A year ago, Morningstar introduced its forward-looking analyst ratings system for the mutual funds it covers in the United States.

At the time, Karen Dolan, Morningstar's director of fund analysis, said that the star ratings are a good measure of risk-adjusted performance over the long haul and that the analyst ratings can complement the stars rating well. Last week, the Chicago-based research shop shared its initial assessment of the industry using the "rather limited data" it has gathered since last November.

Rewind to November 2011.

That's when Morningtar initially rolled out its predictive ratings that scored funds on a five-point scale from "Gold" to "Negative." This rating is in addition to its flagship five-star ratings, which look at past performance, as measured by risk-adjusted returns.

In the "new" system, funds are rated either Gold, Silver, Bronze, Neutral or Negative, with a fund's overall rating reflecting a combination of assessments on what Morningstar calls its five pillars: People (the fund's managers); Process (the fund's strategy); Parent (the fund's parent company); Performance (risk-adjusted returns); Price (the fund's expense ratio).

The research shop began rating some 350 funds on the "new" scale and Morningstar analysts now assign more than 1,100 Analyst Ratings to funds: 191 have Gold ratings, 254 Silver, and 304 Bronze for a total of 749 Morningstar "medalists." Morningstar also covers 303 Neutral- and 50 Negative-rated funds, as of Nov. 16.

To date, Russel Kinnel, Morningstar's director of mutual fund research, said that: "Using funds that were in the initial launch on Nov. 15, 2011, and assuming they didn't change since then, we see positive signs but it is still pretty noisy."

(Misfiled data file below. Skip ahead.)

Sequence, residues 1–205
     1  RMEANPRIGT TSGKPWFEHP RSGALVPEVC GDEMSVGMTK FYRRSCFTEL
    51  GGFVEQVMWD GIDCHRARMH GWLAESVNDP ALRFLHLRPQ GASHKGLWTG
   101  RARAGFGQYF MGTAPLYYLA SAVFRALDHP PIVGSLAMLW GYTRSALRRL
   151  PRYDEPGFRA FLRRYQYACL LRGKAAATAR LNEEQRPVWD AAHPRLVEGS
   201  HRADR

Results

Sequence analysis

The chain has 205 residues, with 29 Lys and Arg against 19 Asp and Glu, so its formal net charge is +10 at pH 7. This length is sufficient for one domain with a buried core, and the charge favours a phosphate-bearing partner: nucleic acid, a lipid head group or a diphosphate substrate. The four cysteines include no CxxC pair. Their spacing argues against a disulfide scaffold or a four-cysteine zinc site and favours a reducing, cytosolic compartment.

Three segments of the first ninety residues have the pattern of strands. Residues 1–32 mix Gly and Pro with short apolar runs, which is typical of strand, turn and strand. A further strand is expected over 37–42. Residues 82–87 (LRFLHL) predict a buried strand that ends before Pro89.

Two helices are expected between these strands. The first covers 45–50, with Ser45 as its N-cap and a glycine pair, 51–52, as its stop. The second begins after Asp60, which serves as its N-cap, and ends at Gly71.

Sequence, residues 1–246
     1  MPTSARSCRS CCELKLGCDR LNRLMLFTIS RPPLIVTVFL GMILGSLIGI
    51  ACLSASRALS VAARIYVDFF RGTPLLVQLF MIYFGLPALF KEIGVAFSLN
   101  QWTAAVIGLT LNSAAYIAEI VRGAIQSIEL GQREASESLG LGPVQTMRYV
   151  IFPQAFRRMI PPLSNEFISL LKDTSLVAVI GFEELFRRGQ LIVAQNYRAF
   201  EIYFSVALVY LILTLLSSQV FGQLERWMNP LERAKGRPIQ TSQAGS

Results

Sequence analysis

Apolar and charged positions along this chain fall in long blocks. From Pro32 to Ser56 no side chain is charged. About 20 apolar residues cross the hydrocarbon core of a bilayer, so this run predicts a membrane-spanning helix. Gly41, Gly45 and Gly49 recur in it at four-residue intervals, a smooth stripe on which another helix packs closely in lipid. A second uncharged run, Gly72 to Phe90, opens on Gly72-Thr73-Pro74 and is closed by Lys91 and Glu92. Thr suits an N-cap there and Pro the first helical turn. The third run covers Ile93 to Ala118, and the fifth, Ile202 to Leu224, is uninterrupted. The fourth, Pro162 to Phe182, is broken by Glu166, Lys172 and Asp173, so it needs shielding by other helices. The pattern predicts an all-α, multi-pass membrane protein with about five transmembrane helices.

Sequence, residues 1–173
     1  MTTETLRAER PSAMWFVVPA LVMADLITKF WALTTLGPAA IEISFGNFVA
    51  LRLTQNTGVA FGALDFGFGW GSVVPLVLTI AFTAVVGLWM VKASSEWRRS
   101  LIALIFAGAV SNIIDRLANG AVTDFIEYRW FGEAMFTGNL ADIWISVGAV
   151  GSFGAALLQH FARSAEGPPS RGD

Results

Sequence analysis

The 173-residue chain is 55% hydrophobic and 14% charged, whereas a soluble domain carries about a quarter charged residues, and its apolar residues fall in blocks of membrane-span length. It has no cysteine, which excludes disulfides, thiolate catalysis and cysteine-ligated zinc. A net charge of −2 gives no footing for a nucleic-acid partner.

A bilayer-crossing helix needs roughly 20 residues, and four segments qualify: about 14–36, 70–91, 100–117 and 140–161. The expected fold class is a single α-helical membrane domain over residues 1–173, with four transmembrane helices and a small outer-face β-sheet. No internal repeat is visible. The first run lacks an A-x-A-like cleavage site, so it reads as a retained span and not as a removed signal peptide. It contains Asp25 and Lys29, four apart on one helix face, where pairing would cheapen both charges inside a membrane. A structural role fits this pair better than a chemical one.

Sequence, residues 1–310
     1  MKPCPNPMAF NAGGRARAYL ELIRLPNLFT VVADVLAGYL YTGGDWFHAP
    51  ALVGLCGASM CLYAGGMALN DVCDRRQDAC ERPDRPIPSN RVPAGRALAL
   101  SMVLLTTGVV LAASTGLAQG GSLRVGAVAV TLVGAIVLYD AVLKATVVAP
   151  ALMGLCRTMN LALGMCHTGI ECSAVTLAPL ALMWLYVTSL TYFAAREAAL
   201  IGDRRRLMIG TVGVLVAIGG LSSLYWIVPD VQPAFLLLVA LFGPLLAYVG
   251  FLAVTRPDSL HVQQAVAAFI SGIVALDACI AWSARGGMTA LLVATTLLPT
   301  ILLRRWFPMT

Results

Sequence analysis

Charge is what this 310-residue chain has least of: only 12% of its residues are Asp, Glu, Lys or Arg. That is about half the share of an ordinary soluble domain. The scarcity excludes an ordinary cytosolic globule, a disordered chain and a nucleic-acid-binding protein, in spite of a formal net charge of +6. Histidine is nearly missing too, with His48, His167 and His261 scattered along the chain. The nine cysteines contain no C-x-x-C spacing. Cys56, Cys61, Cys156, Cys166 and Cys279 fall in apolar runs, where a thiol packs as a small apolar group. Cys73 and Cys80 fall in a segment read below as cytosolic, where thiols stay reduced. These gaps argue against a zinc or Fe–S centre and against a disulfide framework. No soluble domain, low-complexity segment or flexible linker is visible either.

Specifically, Kinnel noted there were only 12 Negative-rated funds last November. Today, that number has ballooned to 67 Negative-rated funds.

When Morningstar compared all rated funds versus their appropriate category benchmark (i.e. the Russell 2000 Growth for small-cap growth funds) 54% of Gold-rated funds beat their respective benchmark through Nov. 15, 55% of Silver funds beat their category benchmark, 53% of Bronze funds beat the category benchmark, 47% of Neutral funds beat their category benchmark, and 58% of Negative-rated funds beat their benchmark, according to Kinnel.

Also, Kinnel said that when the firm compared funds with their primary benchmarks (i.e. the Standard & Poor's 500 for U.S. stock funds, MSCI EAFE Index for foreign equity funds, Barclays U.S. Aggregate Bond for taxable bond funds, and the Barclays Municipal Index for municipal bond funds) Morningstar found that 50% of Gold-rated funds beat their benchmark, while 63% of Silver beat their benchmark, 47% of Bronze-rated funds beat their benchmark, 45% of Neutral-rated funds beat their benchmark, and 17% of Negative-rated funds beat their benchmark.

There is indeed "noise" when Silver beats Gold, and there are more Negative-rated funds now than a year earlier.

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